First thing to do is get a copy of Van Hurkman's book Color Correction Handbook. Excellent book, highly recommended.
The UK is, I think, a PAL country, so you'll want the PAL broadcast rules.
I almost always start color correction by looking at a waveform monitor and setting my black and white points, then my contrast. Note that you'll meet very limited success trying to set levels and contrast by eye with a computer monitor. A computer monitor is not the same as a TV, or a production monitor (a TV on steroids with lots of control). What I'm saying is that just because you got your image to look good on your computer monitor doesn't mean it's going to look good on a TV.
In any case, set your black and white points and your contrast, then work that very blue color cast. Pulling the picture back toward orange (the negative of blue) shouldn't push your image beyond broadcast limits in any case. It should, in fact, pull it back from exceeding limts on the blue axis.
The Van Hurkman book will explain it all, and is immenently readable too. It'll answer questions you don't know enough to ask.
Have you seen Andrew Devis' excellent set of tutorials on using Color Finesse for color correction on the Creative COW? They're worth a look.
Just a few random bits and pieces:
- HD uses either the full RGB ranges or is limited between 16-235. You know, Rec 709 and that.
- The blue cast is from a wrong color temperature setting on the camera. Whether or not it can be recovered would depend on seeing some scope readouts.
And of course CC only makes sense if your monitor is reasonably calibrated and has good gamut. As a minor, it should have a decent setting for factory default sRGB at 6500k color temperature and it doesn't hurt to have a good wide gamut screen...
Thank you for the link - I will look into the book first thing in the morning. I have already built up a rather nice After Effects, Filming, Lighting and Green Screening library, I look forward to adding Colour Correction to it. I did assume that I would have to adhere to the PAL standards, but hoped that HD would do away with all the worry - Oh well....
Thanks for the tip, I am a big fan of Andrew Devis, and have collected his entire After Effects basics tutorials so far - He has a great way of explaining the tools he uses, and I enjoy his clips. I will check out his Color Finesse tutorials tomorrow while I wait for the book.
Thanks for the info. I had my previous iMac colour corrected to work under the specific lights we had in the old office, now I am in a new office, and I have a new PC. I hope that the monitor I have for the PC will be ok. We bought a nice large LED HD TV a while back, and the guy who came to do our colour correction explained that it was a bit of a waste, as it has so many "Auto" settings with no real explanation of what they do. As a result, he explained we would never know exactly what was going on, or if the TV was trying its own correction in the background - making what we see, completely different to other screens. I dont think we can get a production monitor at the moment, but Ill get them in to check what they can do with my PC screen. I still use an iMac, but it has the latest OS on, and according to the colour chaps, the software and calibration unit they use is incompatible with it. So unless I want to buy my own calibration units, Ill have to stick to the PC.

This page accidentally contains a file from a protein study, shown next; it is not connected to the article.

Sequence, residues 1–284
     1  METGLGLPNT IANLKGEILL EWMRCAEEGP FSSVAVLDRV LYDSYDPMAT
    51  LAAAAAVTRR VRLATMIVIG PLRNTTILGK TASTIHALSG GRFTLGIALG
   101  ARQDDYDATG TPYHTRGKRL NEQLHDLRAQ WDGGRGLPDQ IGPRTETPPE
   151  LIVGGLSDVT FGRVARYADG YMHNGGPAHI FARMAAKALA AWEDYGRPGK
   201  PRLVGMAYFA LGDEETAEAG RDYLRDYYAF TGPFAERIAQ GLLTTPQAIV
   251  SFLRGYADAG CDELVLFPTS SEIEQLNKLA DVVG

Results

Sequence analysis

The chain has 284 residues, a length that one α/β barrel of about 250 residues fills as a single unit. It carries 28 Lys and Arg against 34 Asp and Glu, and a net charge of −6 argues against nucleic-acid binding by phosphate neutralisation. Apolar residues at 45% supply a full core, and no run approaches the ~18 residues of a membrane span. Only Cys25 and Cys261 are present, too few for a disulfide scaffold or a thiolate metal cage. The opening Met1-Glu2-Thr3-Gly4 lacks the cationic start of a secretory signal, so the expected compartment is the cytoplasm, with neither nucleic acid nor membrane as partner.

Once again, thanks to all so far. thes past few months have been an incredible journey, and withtout the input from the people on this forum, it would have been over ages ago!
(I am going to have to make a special mention of each of you in the shows credits!)
I am looking up the links on Creative Cow - are ou refering to his tutorials from 2 years back?
I have book marked them and will continue in the morning, but if I am missing some, would you mind a lionk or two?
Those are the ones.
Some of the best explanations of color correction I've ever seen are in the Red Giant tutorials for Colorista by Stu Maschwitz. Even if you never use Colorista, take a look and think about what you're trying to do. Except for the selective color keying inside Colorista, you can basically accomplish all the color correction you may ever need with AE's built in tools. Dedicated tools, and there are a bunch of good ones included with CS6 Suites, make it much faster and easier once you understand what you're looking for.
Thanks for the input. I am actually getting pretty flustered here, as "colour" is such a big part of any project, and I am concerned that I dont know nearly enough - my biggest consern is not really the look, as the nature of our project allows us to use whatever look we see fit per shot, but what concerns me are all the rules and regulations around broadcast TV. I have managed, over the course of the past few months, to come to grips with "safe zones" for screens, Data rate minimums and quality references (HD, SD, 1080, 720 etc) - and yet every time I seem to solve one concern - 100 more show up.
Not for a minute did I ever thinmk this line of work would be easy, but since there are only three of us working on the project, we all have to do something of everything, and i guess I am just facing a bit of a mental brick wall at the moment.
Anyway, enough about my issues....
Thanks to all, Ill be getting the books and checking out al the online help mentioned in the post - lets see if I can make a brighter, less blue clip without breaching any of the PAL limits!
Well, the book arrived today - now for some light reading!
Thanks for the tip - Ill comment back in a few days once I have gone through it.,